PG Calc speculates and offers commentary about impending changes to Federal tax policy and the possible impacts on charitable giving. However, written on the eve of America’s transition to the Biden/Harris administration and the beginning of the 117th Congress, there’s a good chance that parts of it will pass into the category of "things we know for sure that just ain't so."
IRA Charitable Rollover
Qualified charitable distributions (QCDs), also known as charitable IRA rollovers, are particularly appealing to donors because they provide a tax benefit whether or not the donor itemizes deductions. While on the surface they seem simple – request a payment go directly from the plan administrator to a qualifying charity – there are nuances to these types of gifts of which charities should be aware. Let’s take a closer look at some of those subtleties as they relate to QCD requirements.
The charitable IRA rollover is one of the great innovations in charitable giving of the last few years. Referred to by many as a qualified charitable distribution, or QCD, the charitable IRA rollover first came into being as part of the Pension Protection Act of 2006, but only through 2007. After a series of extensions, the charitable IRA rollover was made permanent in 2015 with the signing of the Protecting Americans from Tax Hikes Act (Path Act).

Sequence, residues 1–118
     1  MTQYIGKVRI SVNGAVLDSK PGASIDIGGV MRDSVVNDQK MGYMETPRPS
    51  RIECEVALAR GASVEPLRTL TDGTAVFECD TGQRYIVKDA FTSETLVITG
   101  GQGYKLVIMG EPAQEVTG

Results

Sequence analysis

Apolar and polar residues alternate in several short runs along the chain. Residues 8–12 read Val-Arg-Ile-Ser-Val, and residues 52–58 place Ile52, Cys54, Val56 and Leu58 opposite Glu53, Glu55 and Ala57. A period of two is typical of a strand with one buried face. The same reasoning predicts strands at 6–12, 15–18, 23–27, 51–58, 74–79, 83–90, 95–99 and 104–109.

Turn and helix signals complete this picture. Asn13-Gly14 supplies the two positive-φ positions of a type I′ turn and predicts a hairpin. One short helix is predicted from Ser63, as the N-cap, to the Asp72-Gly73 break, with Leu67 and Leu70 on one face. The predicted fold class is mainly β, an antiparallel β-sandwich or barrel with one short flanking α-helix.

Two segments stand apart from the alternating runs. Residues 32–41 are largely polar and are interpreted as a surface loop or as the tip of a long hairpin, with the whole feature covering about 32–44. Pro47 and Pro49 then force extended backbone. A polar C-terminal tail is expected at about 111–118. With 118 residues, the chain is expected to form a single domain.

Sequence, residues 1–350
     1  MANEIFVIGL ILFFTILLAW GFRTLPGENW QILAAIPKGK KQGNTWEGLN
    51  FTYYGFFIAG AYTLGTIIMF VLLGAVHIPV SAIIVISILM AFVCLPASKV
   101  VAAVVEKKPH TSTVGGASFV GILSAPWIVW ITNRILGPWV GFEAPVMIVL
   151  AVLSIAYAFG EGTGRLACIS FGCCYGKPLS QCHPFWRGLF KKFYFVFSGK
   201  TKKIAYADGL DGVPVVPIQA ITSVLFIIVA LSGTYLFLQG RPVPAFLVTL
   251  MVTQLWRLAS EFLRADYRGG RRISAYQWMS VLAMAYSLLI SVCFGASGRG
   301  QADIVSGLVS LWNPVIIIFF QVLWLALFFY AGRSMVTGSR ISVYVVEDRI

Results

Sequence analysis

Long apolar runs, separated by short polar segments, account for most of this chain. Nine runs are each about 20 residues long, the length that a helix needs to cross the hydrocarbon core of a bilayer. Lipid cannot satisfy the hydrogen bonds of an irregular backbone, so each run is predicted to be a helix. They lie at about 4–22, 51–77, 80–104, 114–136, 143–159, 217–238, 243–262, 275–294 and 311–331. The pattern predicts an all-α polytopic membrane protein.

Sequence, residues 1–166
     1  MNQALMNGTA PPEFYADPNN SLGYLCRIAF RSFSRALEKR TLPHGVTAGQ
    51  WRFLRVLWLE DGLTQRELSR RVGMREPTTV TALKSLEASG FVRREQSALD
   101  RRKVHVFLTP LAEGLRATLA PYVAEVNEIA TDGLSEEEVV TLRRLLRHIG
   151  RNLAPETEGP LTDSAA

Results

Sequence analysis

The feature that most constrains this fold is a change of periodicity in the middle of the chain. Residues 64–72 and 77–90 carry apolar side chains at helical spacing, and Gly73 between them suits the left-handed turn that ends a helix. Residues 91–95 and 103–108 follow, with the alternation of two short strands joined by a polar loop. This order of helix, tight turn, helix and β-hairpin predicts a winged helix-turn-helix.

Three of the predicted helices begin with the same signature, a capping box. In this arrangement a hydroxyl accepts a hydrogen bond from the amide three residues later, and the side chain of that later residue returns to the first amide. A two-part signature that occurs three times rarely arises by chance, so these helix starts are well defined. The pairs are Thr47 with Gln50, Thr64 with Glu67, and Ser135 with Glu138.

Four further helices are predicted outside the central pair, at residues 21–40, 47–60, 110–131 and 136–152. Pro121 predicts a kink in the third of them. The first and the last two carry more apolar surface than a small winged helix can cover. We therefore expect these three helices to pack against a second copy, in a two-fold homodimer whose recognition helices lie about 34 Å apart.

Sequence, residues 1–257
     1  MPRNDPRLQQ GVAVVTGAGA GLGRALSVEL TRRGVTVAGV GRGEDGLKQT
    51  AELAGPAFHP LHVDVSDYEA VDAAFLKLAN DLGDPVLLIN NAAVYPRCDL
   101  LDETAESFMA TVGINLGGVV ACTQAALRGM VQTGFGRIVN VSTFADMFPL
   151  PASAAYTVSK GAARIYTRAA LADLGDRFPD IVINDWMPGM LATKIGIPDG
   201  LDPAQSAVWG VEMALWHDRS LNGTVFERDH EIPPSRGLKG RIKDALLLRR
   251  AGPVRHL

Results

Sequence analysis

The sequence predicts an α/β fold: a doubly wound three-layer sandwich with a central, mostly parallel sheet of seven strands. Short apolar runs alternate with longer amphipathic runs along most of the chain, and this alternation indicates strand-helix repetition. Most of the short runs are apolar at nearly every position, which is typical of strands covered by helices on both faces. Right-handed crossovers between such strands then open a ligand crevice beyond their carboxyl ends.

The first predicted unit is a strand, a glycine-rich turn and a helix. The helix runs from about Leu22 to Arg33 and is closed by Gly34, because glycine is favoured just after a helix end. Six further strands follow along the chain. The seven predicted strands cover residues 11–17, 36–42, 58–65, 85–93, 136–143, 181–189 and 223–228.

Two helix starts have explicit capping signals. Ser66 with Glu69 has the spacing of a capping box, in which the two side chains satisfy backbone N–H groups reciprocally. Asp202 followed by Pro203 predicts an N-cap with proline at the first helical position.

The end we are talking about is the end of calendar year 2016. Are you ready? Most charities concentrate on year-end giving in the fourth quarter and for good reason. A study conducted by the Center on Philanthropy at Indiana University focused on high-net worth donors found that 42.7 percent of those surveyed gave more during the holidays than the rest of the year. Nonetheless, in addition to soliciting and encouraging gifts at the end of the calendar year, it is also a time for planned giving departments to prepare and plan.